Ok...back to the instruments. Again I personally own 5 of these specific models (of various vintage) and all of them have served me VERY well over the years. The guitar that I currently gig with is a '95 Standard that's been rigged to use with my Roland Guitar Synth (and I carry my '99 Fat Strat as a backup) and my long time favorite studio guitar is a '96 Standard that's nearly identical to the '95 (although the '96 has been pretty heavily modified - Duncan pickups, Callham trem block, LSR roller nut, roller T, etc). I also have an '07 (also fitted with Duncans) and an '03 Lefty Standard (refit for playing righty) that I've used at many gigs, as well as a '93 that's my little "Rat Strat" (great instrument for just banging around on). If I have any niggle about these instruments, it's the pickups and the trem blocks. First the those trem blocks... As mentioned previously, these instruments come with the vintage style, 6 point trem. While the bridge plate, saddles and even the trem arms are really great quality, the trem blocks themselves leave something to be desired. In recent years, Fender has started using a larger trem block on these instruments, however these blocks are still a zinc alloy and not steel (and if you're buying used, the older Standards came with a half-sized zinc trem block). For a newer or younger player, this isn't really THAT big of a deal, however the truth is that these zinc blocks may be preventing your instrument from getting decent sustain (i.e. the notes die out rather quickly)...zinc and/or "pot metal" can really kill the string vibrations. Whether you're buying new or used, I typically recommend that you budget an extra $20 for a steel GFS trem block, if not $70 for a Callaham (not sure what the folks at Callaham do differently but those those trem blocks are sensational!).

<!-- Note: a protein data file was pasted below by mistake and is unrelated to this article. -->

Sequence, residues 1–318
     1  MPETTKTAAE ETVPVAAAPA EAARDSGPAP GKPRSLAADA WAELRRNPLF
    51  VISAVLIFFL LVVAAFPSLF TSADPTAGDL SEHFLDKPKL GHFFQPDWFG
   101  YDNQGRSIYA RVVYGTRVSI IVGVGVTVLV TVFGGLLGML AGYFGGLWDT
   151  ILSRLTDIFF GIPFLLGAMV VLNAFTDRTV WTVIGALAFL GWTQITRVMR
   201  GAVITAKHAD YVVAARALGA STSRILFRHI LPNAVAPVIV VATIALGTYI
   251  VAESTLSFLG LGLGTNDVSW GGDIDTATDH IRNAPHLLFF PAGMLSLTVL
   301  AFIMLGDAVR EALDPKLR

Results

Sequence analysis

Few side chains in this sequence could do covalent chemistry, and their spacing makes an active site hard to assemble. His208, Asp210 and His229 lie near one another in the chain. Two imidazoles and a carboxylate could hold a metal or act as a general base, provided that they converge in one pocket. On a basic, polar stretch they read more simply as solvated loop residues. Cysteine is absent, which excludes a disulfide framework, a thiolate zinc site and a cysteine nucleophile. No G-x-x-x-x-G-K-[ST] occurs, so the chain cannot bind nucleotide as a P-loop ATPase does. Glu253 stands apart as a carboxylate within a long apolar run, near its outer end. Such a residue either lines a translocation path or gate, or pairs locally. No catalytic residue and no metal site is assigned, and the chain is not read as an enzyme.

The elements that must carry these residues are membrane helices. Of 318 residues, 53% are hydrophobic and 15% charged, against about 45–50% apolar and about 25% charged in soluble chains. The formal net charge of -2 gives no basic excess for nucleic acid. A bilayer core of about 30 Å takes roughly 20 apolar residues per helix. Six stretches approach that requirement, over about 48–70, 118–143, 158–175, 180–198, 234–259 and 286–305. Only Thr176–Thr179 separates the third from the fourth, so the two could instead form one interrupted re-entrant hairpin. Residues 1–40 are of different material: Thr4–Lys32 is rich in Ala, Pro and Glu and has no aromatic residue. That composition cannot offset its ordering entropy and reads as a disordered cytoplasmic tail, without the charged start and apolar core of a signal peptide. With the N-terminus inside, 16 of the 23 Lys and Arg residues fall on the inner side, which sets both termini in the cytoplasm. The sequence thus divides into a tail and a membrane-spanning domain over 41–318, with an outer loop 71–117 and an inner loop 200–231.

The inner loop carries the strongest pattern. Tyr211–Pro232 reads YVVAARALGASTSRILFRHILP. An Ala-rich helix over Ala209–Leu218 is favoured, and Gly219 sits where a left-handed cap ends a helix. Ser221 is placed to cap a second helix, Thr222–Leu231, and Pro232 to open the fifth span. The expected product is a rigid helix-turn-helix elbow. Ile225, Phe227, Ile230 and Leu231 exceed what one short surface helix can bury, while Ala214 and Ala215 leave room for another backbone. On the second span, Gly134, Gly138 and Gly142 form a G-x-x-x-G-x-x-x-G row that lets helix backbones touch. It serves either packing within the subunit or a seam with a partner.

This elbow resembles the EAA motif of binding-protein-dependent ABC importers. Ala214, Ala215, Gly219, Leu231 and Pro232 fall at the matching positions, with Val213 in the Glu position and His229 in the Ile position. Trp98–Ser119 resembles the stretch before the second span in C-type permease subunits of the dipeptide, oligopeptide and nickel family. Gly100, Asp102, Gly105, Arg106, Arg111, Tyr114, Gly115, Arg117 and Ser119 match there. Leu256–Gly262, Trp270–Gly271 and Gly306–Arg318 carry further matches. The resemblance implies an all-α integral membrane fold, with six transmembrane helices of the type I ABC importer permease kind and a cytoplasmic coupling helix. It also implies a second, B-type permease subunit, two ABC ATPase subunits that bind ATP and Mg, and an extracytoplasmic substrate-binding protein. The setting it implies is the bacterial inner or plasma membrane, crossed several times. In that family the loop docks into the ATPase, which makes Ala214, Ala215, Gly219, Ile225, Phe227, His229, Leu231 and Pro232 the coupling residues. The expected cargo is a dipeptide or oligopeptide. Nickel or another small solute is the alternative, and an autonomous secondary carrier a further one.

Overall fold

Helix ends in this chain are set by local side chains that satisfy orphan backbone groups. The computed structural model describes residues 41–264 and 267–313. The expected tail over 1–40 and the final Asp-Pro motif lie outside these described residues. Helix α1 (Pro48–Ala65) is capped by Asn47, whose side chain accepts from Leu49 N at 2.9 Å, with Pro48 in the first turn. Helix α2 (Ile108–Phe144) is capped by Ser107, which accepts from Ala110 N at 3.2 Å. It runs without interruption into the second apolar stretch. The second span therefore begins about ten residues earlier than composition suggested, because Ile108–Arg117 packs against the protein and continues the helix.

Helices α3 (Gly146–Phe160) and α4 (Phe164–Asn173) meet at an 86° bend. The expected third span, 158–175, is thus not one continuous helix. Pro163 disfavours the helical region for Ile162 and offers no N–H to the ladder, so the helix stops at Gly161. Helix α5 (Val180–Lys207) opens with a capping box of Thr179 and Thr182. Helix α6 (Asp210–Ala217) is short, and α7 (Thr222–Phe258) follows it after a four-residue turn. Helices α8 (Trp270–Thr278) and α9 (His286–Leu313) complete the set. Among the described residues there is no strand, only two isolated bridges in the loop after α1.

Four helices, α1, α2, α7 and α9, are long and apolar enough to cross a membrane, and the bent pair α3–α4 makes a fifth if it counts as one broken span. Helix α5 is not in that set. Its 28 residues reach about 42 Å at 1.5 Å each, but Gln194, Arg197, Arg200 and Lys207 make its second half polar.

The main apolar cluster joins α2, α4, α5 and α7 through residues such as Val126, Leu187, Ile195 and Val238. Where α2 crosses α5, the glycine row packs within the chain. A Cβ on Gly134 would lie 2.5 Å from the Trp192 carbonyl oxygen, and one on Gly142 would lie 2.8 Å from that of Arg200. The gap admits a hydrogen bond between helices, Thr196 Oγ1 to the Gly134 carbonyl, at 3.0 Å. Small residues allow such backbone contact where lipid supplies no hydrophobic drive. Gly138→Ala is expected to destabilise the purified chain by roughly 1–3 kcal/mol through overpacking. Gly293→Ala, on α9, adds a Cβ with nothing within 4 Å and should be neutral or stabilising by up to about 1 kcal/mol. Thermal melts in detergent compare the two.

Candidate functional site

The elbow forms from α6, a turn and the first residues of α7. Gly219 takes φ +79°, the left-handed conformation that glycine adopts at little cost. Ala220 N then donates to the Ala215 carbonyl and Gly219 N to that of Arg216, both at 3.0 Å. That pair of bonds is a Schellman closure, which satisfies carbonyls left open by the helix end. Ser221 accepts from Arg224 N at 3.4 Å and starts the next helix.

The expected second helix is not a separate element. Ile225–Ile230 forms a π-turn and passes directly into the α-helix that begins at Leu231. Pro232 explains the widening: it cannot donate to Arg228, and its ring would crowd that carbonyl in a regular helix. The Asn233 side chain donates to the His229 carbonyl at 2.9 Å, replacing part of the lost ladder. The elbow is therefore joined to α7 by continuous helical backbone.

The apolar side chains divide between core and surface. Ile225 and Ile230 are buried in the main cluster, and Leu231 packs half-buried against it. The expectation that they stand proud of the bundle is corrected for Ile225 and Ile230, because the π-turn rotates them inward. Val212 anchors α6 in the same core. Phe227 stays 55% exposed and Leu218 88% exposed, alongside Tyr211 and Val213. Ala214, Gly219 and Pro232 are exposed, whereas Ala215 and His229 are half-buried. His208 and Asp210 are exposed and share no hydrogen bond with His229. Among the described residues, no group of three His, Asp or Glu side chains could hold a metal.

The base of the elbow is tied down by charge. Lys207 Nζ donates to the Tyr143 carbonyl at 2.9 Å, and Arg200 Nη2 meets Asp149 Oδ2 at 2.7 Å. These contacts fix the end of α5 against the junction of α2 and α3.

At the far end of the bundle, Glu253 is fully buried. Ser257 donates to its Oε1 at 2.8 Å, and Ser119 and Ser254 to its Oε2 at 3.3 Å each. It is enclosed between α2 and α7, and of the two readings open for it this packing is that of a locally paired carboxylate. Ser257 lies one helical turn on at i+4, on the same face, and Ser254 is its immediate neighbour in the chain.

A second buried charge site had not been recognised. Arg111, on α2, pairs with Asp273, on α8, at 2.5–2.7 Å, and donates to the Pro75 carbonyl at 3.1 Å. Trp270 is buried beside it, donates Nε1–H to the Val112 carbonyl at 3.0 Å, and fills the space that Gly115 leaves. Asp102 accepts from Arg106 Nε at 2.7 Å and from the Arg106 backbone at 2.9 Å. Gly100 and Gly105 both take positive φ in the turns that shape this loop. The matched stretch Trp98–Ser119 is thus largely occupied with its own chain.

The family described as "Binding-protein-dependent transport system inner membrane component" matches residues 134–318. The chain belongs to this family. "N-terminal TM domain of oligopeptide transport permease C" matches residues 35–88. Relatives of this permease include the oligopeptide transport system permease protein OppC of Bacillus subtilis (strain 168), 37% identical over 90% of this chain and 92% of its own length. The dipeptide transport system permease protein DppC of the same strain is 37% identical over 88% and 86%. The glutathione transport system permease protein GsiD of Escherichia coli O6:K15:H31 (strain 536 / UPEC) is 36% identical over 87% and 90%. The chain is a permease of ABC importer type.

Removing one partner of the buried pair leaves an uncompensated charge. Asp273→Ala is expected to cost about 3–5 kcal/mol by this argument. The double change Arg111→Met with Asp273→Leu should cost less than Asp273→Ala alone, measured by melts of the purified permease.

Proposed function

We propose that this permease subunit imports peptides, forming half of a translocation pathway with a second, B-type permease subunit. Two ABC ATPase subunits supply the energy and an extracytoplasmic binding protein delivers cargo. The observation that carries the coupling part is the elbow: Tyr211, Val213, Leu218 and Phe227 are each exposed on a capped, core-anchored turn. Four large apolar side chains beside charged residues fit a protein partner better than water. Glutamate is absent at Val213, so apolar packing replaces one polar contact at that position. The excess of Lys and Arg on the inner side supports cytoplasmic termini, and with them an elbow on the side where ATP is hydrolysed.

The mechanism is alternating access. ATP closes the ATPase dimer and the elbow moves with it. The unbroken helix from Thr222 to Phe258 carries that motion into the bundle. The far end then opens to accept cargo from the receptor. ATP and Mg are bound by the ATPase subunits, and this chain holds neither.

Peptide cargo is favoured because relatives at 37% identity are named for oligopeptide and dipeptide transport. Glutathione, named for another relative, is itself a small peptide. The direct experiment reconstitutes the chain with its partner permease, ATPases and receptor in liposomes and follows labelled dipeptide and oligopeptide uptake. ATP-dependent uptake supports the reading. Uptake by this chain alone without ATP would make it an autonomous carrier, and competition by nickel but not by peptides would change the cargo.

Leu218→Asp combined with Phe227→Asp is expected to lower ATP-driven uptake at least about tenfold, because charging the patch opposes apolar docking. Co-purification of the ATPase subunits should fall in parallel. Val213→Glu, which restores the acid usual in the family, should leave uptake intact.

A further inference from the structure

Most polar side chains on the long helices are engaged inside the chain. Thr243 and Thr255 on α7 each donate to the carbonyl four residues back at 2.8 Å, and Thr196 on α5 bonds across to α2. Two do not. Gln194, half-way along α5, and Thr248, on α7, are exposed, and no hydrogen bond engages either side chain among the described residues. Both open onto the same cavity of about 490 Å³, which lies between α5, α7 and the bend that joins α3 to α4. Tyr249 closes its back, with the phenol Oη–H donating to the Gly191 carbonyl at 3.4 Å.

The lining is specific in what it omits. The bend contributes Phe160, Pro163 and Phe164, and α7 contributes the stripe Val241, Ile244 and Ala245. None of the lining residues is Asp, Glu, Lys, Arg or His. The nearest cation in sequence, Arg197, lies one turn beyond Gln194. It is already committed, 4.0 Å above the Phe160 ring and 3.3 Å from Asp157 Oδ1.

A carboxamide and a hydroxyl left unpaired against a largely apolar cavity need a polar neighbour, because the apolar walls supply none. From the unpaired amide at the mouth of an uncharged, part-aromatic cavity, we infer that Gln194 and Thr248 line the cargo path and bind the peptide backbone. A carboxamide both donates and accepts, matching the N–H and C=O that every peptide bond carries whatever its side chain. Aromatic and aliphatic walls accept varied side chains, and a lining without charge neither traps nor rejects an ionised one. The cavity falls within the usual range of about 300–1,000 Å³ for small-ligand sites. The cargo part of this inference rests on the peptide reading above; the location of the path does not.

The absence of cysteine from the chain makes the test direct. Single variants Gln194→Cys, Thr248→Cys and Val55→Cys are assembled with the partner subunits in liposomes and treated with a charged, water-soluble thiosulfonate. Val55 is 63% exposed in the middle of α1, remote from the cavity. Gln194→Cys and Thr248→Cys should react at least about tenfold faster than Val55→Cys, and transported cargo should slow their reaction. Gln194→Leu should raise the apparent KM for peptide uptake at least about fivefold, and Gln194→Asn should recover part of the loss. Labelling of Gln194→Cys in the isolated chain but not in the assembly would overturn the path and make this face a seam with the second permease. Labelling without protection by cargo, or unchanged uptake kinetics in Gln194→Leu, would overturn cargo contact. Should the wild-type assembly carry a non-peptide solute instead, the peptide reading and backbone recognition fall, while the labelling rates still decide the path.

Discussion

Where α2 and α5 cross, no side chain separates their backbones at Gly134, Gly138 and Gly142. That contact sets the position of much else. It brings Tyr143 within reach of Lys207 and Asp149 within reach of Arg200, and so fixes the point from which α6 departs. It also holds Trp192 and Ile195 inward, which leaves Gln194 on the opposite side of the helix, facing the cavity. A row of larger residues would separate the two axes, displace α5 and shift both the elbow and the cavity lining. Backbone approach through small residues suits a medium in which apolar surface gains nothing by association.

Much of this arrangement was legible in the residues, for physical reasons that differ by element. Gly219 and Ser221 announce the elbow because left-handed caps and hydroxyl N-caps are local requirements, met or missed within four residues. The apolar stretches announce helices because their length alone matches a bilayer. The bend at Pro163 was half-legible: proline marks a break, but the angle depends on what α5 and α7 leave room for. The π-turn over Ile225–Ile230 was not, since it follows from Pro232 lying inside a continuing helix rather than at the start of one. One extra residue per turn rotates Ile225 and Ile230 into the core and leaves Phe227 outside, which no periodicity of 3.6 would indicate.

Pickups...alright...I have to admit that I'm a bit biased here. Be it Mexican, Japanese, China or even American, I've just never cared for stock Fender pickups. In the world of electric guitars, pickups are perhaps the single greatest influencing factor on how your instrument sounds (beyond your own fingers and technique that is). Like the choice of the instrument itself, experience has taught me that pickups are a very personal choice, subject to the musician's own taste, often based on the style of music. For example, a person who plays mostly Rock-a-billy or Jazz may prefer those older Filtertron type pickups. A metal monger on the other will often prefer a good, fat humbucker (ala DiMazio fame). Personally I play mostly classic rock and blues...a lot of stuff like Clapton, SRV, Pink Floyd/David Gilmore, The Who, Buddy Guy and so on. For a person who plays mostly country, those stock Fender pickups might be perfectly acceptable, if not ideal, but to me, they usually tend to sound rather "thin" if not a bit tinny to my ears. To my ear and to my preference of music, the best sounding Strats I've ever heard/played have always had either EMG's or Seymour Duncans. That said however, to me this is also one of the lovely things about Strats...changing pickups is actually pretty easy. With minimal effort...and an hour or so with a soldering iron...your Strat can go from "Twang" to "Death Metal" or anything in between simply by swapping out the pickups. It's perhaps the easiest way to truly personalize your own sound.